The stark difference in stance between Asian central banks and what is being priced in for the Fed has been particularly apparent by the recent dovish policy decisions in India, Indonesia, and Thailand, with all three central banks showing no urgency to tighten.  Similarly, the Bank of Japan acting to defend its yield curve policy by conducting unlimited fixed-rate JGB purchases, was clearly a dovish move.  Last but not least, the PBoC, China’s central bank has already cut its policy Loan Prime Rate and is likely to do so again in the next few months.  

Debate Over Fed Tightening Rages On

After receiving a major beating over recent weeks this week has seen a ‘risk on’ tone permeate through markets as dip buyers emerge.  COVID is increasingly taking a back seat though risks from simmering geopolitical tensions over Russia/Ukraine continue to act as a threat to markets.  Nonetheless, equity volatility has fallen, with the VIX ‘fear gauge’ dropping sharply over recent sessions.  In contrast, interest rate volatility remains elevated as debate over a potential 50 basis point hike from the Federal Reserve and/or policy hikes at successive FOMC meetings continues.  Fed speakers this week including St. Louis Fed President Bullard and Philadelphia Fed President Harker in comments yesterday appear to have dampened expectations of a 50 basis point hike, but this has unlikely put an end to such speculation.

Overall market uncertainty is likely to persist in the weeks ahead setting the scene for renewed bouts of volatility.  The debate over Fed rate hikes both in terms of magnitude and timing is far from over, with analysts ramping up expectations of multiple hikes this year.  There is a strong chance that the Fed will announce tightening at each of the next three meetings including beginning quantitative tightening (QT).  Markets are pricing in five quarter point hikes in the next year and there may be scope for even more aggressive tightening.  Given likely persistently high inflation readings in the months ahead it is not likely the time to push back against markets tightening expectations.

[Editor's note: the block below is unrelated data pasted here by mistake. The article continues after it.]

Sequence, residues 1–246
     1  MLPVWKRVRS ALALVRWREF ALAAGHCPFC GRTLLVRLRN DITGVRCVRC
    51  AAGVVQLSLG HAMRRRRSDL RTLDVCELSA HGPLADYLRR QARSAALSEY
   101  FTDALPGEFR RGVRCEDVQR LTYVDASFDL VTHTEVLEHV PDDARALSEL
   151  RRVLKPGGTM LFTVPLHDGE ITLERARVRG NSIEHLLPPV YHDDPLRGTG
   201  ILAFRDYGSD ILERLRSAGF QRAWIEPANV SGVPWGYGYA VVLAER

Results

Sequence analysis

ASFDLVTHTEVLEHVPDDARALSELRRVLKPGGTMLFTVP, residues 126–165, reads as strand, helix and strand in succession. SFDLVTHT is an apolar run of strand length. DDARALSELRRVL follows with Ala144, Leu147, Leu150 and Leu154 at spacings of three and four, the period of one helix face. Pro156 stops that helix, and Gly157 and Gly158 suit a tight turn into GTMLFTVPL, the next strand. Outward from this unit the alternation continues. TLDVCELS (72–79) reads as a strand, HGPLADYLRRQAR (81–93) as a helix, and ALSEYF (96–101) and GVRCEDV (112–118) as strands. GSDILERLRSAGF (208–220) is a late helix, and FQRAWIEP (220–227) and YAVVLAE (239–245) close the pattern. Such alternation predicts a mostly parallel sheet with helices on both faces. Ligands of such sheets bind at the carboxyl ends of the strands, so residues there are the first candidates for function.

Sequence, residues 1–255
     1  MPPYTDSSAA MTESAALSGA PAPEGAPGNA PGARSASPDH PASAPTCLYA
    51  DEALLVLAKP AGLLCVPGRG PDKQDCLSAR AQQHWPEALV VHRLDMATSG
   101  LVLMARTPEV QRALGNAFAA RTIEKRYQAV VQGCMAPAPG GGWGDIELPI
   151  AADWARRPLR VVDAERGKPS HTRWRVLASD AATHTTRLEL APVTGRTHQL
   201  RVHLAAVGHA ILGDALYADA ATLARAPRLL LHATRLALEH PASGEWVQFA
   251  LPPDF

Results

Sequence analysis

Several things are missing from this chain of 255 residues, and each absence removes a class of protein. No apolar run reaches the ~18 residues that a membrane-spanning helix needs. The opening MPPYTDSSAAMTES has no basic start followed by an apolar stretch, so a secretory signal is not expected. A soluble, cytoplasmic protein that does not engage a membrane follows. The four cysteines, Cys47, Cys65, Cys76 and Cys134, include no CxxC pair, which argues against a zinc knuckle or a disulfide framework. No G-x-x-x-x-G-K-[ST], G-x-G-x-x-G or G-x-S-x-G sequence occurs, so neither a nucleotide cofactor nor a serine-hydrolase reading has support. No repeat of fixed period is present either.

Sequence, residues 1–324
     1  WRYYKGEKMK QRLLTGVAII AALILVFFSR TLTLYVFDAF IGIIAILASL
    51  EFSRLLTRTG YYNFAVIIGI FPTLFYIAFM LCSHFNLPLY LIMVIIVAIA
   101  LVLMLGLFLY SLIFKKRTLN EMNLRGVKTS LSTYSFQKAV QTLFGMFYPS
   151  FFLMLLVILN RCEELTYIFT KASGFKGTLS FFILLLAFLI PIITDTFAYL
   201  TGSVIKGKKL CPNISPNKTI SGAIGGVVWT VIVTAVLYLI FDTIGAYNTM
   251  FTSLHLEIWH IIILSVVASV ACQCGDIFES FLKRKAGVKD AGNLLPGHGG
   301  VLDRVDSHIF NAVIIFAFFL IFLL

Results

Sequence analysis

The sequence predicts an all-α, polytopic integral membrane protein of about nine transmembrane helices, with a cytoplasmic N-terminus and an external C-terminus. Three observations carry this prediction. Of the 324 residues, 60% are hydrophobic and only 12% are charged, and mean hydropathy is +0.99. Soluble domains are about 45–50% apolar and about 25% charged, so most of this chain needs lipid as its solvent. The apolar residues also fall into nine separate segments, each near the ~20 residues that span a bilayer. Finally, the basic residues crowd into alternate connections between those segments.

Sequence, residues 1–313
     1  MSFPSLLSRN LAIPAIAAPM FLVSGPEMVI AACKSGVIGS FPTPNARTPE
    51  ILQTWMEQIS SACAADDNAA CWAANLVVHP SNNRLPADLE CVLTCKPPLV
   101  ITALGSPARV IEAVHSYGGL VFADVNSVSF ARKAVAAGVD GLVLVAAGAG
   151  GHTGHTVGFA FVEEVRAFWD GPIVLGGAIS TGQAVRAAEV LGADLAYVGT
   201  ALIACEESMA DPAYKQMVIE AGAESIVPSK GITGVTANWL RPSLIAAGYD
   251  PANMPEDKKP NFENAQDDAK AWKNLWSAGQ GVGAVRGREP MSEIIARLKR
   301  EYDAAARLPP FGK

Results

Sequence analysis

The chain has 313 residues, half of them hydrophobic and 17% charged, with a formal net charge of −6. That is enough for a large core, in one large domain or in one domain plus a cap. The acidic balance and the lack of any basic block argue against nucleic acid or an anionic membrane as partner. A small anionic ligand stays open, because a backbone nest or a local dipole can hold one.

Much of Asia has been closed for part or all of this week though China’s purchasing managers index (PMI) data for January released last weekend highlighted a loss of economic momentum.  Although official stimulus measures will likely help to avoid a sharp slowing in economic growth, sentiment is unlikely to get back to pre-COVID levels anytime soon. China’s zero-tolerance approach to COVID means that even small outbreaks will lead to lockdowns, likely dampening services sentiment and travel. Meanwhile, manufacturing pressure may find some support from fiscal policy measures as policy is front loaded, and likely further monetary easing ahead, with at least another 10 basis point easing in the Loan Prime Rate and 50bp cut in the RRR likely in the weeks ahead. However, the overall trajectory of activity remains downwards.

Monetary policy decisions in the Euro area (Thu) and UK (Thu) will be among the highlights this week in addition to US Jan jobs (Fri).  The Reserve Bank of Australia (RBA) left policy unchanged as expected but revealed a relatively dovish statement even as it formally announced an end to quantitative easing (QE). There is likely to be a contrasting stance between the Bank of England (BoE) and European Central Bank (ECB), with the former likely to hike by 25 basis point on concerns about rising inflation expectations while we the latter is likely in cruise control for H1 2022. In the US there are risks of a worse than consensus outcome for US non-farm payrolls due to a surge in Omicron cases (consensus 175k).  Separately, in emerging markets, focus will be on Brazil, where the central bank, BCB is expected to hike rates by 150bp (Thu).